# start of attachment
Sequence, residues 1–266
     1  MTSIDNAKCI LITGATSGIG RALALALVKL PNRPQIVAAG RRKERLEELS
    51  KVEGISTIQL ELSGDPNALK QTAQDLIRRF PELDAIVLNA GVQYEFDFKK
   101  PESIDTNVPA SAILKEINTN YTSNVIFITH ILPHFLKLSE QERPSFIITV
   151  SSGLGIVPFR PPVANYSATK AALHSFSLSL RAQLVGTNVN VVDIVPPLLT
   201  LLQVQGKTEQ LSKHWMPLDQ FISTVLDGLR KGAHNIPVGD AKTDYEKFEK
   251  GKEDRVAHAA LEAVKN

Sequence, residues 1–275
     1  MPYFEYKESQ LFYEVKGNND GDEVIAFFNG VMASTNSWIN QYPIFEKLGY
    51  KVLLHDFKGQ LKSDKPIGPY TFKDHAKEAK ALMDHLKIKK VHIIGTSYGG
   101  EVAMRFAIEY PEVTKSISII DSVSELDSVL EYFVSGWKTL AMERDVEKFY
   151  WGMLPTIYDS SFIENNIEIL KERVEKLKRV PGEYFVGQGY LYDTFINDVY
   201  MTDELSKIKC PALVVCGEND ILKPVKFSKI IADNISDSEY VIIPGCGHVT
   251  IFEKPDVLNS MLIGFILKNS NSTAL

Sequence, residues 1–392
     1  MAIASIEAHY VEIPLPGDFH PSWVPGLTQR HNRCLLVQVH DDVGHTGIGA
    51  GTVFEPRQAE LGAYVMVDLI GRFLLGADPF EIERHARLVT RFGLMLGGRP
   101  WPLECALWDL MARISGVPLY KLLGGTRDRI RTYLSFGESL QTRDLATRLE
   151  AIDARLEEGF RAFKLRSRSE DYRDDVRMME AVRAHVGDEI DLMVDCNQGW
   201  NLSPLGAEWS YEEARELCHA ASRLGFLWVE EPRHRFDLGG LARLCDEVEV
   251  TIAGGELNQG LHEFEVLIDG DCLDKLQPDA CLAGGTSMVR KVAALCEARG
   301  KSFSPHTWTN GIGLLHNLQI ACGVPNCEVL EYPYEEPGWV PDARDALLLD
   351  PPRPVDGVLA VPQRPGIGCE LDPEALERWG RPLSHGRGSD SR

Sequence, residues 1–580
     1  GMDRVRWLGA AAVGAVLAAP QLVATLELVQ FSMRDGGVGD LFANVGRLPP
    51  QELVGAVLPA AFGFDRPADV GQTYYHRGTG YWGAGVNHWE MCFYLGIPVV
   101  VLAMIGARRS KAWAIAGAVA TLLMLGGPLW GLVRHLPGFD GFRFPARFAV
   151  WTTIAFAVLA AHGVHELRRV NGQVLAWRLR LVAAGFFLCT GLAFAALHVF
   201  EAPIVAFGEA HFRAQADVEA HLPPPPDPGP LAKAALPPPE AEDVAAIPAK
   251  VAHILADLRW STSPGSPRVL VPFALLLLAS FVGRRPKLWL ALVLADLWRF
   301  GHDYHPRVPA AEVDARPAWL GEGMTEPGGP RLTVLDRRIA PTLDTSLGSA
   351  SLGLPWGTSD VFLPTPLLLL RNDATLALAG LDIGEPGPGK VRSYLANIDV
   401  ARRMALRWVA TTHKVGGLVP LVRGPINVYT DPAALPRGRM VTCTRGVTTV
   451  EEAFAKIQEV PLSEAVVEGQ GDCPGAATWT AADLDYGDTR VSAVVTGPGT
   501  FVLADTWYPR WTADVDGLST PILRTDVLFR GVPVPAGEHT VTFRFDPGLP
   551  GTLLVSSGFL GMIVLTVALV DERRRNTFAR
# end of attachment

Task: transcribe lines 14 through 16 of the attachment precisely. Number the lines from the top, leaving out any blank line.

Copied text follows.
   251  IFEKPDVLNS MLIGFILKNS NSTAL

Sequence, residues 1–392
     1  MAIASIEAHY VEIPLPGDFH PSWVPGLTQR HNRCLLVQVH DDVGHTGIGA